The Ice Cream is Always Right

Well, as it turns out my father also received the text of my niece from my brother. It was a funny picture with an even funnier caption, and my father replied – to all – “hysterical.”

This comedy illustrates a dynamic that I see play out in mediation all the time, especially parent-teen mediation and divorce mediation: interpreting information out of context. I knew they were recently at an ice cream shop and my son looked as happy as could be.

Yet, I was so anxious about the possibility of my son acting out again that I automatically assumed that “hysterical” meant “my son is hysterical AGAIN!” An honest and reasonable misinterpretation of this situation but a potentially damaging one when it occurs in a tension filled relationship.

Apparently, having a difficult time dealing with miscommunication is not limited to six year old boys.

The Role of Context in Family Communication

I have found that the most successful mediations occur when clients are able to pause before reacting. When they take a few deep breaths before responding. When they clarify information to ensure that their assumptions are accurate. These steps are critical to avoiding miscommunication.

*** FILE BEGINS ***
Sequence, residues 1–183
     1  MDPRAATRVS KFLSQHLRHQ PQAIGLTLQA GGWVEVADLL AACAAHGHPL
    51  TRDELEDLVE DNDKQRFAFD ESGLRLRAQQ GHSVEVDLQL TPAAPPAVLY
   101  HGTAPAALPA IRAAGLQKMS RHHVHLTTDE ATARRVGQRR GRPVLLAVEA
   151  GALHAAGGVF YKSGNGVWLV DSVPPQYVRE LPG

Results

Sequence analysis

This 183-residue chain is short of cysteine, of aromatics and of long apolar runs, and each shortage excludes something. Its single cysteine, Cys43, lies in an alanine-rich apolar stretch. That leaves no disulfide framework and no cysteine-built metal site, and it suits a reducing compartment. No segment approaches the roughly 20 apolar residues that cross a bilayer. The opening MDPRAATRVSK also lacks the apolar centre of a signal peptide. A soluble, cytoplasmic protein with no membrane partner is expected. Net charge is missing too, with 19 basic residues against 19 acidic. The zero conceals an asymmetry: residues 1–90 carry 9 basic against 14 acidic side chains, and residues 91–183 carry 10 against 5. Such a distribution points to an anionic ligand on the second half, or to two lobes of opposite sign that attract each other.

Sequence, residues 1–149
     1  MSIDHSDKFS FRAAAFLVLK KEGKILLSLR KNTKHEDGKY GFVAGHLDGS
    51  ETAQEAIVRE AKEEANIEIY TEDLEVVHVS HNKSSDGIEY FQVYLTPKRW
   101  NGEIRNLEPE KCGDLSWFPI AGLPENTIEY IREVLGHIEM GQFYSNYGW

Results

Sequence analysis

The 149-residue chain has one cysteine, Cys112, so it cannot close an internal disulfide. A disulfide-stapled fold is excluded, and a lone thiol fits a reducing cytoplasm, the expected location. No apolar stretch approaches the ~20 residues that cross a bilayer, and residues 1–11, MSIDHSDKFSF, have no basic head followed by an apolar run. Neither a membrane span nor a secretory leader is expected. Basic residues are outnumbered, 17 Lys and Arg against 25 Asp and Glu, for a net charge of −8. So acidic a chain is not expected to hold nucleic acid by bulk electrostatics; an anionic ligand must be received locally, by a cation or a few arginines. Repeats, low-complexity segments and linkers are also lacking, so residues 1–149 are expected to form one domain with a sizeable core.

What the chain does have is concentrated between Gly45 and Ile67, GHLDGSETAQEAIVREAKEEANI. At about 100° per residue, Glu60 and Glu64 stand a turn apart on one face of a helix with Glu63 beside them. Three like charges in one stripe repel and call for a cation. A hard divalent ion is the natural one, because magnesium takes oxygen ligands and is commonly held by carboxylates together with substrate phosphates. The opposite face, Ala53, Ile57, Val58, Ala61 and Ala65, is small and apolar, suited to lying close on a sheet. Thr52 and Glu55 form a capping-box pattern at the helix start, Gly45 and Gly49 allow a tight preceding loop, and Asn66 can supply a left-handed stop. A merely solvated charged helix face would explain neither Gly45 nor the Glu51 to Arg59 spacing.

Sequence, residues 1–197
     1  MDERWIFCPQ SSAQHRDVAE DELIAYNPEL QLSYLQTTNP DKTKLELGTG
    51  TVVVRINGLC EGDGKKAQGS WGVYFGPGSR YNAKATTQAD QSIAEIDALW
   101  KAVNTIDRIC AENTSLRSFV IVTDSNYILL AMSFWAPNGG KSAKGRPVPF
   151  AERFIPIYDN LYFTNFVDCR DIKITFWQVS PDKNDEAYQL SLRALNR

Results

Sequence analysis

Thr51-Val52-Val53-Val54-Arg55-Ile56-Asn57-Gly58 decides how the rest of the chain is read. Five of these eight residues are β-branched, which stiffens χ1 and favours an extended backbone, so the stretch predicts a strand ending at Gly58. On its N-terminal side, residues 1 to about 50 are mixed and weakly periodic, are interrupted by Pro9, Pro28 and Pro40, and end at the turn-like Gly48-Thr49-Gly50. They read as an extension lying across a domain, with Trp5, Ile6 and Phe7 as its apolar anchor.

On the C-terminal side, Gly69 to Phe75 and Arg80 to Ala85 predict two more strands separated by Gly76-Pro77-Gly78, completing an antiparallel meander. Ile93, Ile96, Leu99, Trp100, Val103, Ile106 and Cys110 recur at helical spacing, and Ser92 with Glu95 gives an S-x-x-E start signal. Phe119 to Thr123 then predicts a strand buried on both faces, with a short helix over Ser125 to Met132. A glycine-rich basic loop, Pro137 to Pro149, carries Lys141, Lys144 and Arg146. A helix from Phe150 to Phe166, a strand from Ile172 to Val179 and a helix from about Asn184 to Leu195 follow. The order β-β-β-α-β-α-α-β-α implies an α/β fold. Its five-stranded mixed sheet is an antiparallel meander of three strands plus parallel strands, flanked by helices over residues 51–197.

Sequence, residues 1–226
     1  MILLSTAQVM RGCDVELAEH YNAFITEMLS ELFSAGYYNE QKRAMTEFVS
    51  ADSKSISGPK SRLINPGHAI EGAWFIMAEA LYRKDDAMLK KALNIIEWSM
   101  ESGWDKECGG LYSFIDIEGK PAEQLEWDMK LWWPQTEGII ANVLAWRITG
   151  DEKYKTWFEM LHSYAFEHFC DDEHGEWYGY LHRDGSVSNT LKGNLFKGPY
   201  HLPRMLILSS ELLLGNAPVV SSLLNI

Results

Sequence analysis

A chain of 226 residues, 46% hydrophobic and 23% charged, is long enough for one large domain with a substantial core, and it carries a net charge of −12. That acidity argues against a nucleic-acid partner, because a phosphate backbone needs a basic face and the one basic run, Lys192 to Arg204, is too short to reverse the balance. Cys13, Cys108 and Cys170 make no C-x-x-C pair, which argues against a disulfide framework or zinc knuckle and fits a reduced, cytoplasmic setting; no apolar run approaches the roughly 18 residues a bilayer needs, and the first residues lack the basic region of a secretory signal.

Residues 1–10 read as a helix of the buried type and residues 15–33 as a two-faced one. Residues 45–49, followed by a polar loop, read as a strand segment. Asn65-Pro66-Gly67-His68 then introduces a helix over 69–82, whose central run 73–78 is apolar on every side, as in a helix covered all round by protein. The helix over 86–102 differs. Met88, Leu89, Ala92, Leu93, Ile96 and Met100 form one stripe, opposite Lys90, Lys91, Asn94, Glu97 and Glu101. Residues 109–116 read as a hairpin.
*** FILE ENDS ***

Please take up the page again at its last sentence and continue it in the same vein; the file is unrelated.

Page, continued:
The narratives we have in our heads are just not always accurate.

Before getting hysterical make sure you have the facts and stay open to the possibility that there may be a different storyline than your interpretation.

Do you have any hysterical anecdotes that you’d like to share about miscommunication?

Please share your thoughts and comment below!

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About the Author ()

I help families resolve conflict through family mediation and divorce mediation in Massachusetts. My services include mediation for co-parenting disputes, marriage problems, separation and divorce, parents and teenagers, and family conflicts. The goal of my mediator's blog is to help teach or remind readers of helpful communication and conflict resolution techniques that can be used in their relationships. I live in Natick, MA with my wife, son and dog and mediate throughout the Metrowest Boston region. Please note that my name is spelled Ben Stich, not Ben Stitch.

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Comments (12)